The Supreme Court Child-Rape Ruling
By Gary Fouse
Friday, June 27, 2008
In the past few days, the US Supreme Court ruled in Kennedy vs Louisiana that no state may sentence a convicted child rapist to death. As usual, the decision was a 5-4 vote, with the 4 liberal justices lined up against the 4 conservative justices. The deciding vote? Anthony Kennedy, of course.
For those of you who don't follow the make-up of the Supreme Court (which everyone should), the 4 liberal justices are; John Paul Stevens, Ruth Bader Ginsburg, Stephen Breyer and David Souter. The 4 conservatives who dissented were Clarence Thomas, Antonin Scalia, Sam Alito and John Roberts. Anthony Kennedy, who is the one swing vote on the Court, sided with the majority and wrote the majority opinion. As Bill O'Reilly and Laura Ingraham opined last night, Kennedy may well now be the most powerful man in America.
And what did the majority base its legal ruling on? Incredibly, they based it on "evolving standards of decency"..."Based on both consensus (among state legislatures) and our own independent judgement, our holding is that a death sentence for one who raped but not kill a child...is unconstitutional under the 8th and 14th Amendments." Where in the Constitution did they find that reasoning? What consensus in state legislatures are they talking about? Does that mean that the elected officials in all state legislatures all are against the death penalty for child rapists? Even if so, what connection is that to the Constitution?
Then there is this statement: "Society's desire to inflict the death penalty for child rape by enlisting the child victim to assist it over the course of years in asking for capital punishment forces a moral choice on the child, who is not of a mature age to make that choice."
In dissenting, Samuel Alito, joined by Scalia and Thomas, demonstrated why they were solid choices to sit on the Supreme Court. Thomas writes, "The court today holds that the 8th Amendment categorically prohibits the imposition of the death penalty for the crime of raping a child. This is so, according to the court, no matter how young the child, no matter how many times the child is raped, no matter how many children the perpetrator rapes, no matter how sadistic the crime, no matter how much physical or psychological trauma is inflicted, and no matter how heinous the perpetrator's prior criminal record may be." (In the Kennedy case in Louisiana, the defendant, who raped his step-daughter, indeed, nearly killed her in the process.)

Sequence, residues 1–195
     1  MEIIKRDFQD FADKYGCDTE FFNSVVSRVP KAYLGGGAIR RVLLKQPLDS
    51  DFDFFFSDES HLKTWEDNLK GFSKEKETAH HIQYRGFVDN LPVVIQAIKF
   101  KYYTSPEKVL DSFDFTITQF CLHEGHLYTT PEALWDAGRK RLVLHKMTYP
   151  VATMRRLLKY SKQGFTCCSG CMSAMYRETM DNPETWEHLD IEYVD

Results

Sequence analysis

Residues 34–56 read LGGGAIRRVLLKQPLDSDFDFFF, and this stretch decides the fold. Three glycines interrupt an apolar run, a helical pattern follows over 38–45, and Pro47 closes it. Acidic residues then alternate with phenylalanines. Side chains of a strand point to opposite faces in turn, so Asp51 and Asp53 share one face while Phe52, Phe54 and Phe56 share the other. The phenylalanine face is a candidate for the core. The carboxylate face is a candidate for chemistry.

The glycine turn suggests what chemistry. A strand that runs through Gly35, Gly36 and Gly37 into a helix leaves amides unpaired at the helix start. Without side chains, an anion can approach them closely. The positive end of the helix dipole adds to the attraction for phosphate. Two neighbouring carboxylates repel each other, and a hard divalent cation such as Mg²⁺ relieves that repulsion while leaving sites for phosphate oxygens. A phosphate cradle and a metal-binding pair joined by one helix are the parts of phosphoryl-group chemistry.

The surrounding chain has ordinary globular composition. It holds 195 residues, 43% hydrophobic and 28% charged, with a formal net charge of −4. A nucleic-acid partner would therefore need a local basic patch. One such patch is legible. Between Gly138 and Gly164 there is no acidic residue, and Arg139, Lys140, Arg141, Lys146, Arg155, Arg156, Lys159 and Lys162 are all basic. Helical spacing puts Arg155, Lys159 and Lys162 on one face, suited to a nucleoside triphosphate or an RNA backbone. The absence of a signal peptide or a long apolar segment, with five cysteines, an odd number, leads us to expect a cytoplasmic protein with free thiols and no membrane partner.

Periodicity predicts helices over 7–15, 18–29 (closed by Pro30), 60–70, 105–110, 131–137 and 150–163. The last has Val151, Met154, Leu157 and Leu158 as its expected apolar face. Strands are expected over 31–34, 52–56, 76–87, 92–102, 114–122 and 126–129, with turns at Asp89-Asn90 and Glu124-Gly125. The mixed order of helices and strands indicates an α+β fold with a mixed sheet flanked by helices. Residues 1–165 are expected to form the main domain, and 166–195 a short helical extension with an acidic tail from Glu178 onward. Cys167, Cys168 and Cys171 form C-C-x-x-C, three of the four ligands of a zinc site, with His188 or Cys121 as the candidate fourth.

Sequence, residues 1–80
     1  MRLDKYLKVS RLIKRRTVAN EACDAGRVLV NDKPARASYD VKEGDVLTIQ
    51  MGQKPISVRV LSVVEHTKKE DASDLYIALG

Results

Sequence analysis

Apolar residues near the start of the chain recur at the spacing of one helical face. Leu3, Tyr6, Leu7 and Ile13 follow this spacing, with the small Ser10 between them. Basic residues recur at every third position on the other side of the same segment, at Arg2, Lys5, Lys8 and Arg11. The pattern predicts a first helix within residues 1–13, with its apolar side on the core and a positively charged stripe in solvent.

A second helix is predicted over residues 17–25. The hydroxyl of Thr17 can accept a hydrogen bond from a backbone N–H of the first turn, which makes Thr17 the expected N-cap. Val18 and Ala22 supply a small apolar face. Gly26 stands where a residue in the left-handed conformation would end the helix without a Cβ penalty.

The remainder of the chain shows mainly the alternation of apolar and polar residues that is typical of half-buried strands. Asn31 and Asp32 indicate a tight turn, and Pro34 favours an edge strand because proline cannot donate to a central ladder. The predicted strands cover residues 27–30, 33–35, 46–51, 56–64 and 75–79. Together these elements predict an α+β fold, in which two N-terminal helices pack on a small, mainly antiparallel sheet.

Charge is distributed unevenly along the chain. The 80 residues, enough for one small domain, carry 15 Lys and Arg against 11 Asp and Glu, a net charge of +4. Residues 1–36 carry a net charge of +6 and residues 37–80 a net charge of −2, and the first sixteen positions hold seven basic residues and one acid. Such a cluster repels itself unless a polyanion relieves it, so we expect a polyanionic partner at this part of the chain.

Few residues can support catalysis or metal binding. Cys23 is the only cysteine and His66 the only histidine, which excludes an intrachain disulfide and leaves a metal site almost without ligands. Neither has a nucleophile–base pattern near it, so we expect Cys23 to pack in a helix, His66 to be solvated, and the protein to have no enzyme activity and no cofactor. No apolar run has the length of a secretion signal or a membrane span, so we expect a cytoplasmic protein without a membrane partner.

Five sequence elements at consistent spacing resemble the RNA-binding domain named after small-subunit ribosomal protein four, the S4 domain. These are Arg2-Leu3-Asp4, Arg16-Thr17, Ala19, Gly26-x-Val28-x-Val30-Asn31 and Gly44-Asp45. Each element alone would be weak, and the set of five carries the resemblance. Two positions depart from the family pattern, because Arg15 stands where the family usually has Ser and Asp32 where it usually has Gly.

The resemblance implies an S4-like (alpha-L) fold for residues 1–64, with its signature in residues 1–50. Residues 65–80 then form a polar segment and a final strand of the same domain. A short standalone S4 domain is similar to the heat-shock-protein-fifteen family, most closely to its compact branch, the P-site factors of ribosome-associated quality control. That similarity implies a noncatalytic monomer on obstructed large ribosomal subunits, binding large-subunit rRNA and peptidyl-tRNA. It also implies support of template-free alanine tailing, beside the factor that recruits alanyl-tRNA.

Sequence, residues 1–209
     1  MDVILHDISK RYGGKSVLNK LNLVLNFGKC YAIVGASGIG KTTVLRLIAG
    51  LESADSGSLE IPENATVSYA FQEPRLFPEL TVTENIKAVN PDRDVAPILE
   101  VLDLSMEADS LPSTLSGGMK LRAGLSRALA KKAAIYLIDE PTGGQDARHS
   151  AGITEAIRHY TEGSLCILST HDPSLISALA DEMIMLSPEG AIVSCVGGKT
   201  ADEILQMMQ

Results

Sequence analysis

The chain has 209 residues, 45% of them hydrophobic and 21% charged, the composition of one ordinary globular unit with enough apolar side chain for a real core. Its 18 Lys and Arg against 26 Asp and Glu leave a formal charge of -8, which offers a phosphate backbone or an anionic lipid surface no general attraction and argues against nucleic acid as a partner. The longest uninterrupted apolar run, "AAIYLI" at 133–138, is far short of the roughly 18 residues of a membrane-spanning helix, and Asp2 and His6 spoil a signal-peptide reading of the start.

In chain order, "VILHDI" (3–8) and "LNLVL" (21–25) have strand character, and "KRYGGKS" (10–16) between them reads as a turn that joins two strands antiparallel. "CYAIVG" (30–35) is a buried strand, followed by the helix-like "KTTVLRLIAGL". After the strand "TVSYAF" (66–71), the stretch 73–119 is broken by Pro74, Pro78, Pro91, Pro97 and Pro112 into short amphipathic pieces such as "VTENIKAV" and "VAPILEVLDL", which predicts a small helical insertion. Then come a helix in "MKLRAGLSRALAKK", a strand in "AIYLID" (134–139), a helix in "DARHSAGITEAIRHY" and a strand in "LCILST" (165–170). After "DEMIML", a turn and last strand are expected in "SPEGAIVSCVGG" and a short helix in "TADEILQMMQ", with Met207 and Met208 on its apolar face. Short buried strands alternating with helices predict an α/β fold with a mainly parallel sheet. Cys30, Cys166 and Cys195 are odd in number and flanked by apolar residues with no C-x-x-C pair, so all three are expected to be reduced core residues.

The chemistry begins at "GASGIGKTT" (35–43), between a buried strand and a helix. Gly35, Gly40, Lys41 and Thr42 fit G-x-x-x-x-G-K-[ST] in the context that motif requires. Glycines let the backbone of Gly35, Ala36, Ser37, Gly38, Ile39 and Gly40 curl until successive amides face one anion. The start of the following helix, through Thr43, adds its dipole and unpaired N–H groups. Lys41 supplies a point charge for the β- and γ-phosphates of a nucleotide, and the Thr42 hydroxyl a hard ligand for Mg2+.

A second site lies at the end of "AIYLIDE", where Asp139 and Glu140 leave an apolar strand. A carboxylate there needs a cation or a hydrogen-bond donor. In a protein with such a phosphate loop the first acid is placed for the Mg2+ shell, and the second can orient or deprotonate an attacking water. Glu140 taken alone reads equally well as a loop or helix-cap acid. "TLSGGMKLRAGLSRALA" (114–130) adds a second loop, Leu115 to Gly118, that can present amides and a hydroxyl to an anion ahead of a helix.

Finally, this comment: "Once all of the court's irrelevant arguments are put aside, it is apparent that the court has provided no coherent explanation for today's opinion."
When I was 14, the State of California (back in a different era) executed one Caryl Chessman, who had raped a series of young women leaving one of his victims severely psychologically damaged. (No one died, but one element of his crime that made him eligible for the death penalty involved kidnapping.) After years of appeals and stays of execution, Chessman was executed in California's gas chamber at San Quentin Prison in 1960. That was almost 50 years ago. Had Chessman had the good fortune of committing his crimes today in Massachusetts or Vermont (two states notoriously lenient when it comes to child rape), he might have served a minimal time in jail-even if his victims had been small children. (To repeat, Chessman's victims were not children, but young women.)
Is this the evolving standard of decency that Judge Kennedy refers to? What decency is there in taking a less condemning view of child rape?
This case illustrates why presidential elections are so vitally important. It is not just about taxes, health care, bringing the troops home and all that. The next president will probably select not only 2-3 Supreme Court judges, but a large number of federal judges as well. As a retired DEA agent I well recall the disasterous judges that Jimmy Carter and Bill Clinton appointed to the federal bench. Is there any doubt that Barack Obama will do the same? Those conservatives out there who are dissatisfied with John McCain as the nominee should think long and hard before sitting out the election.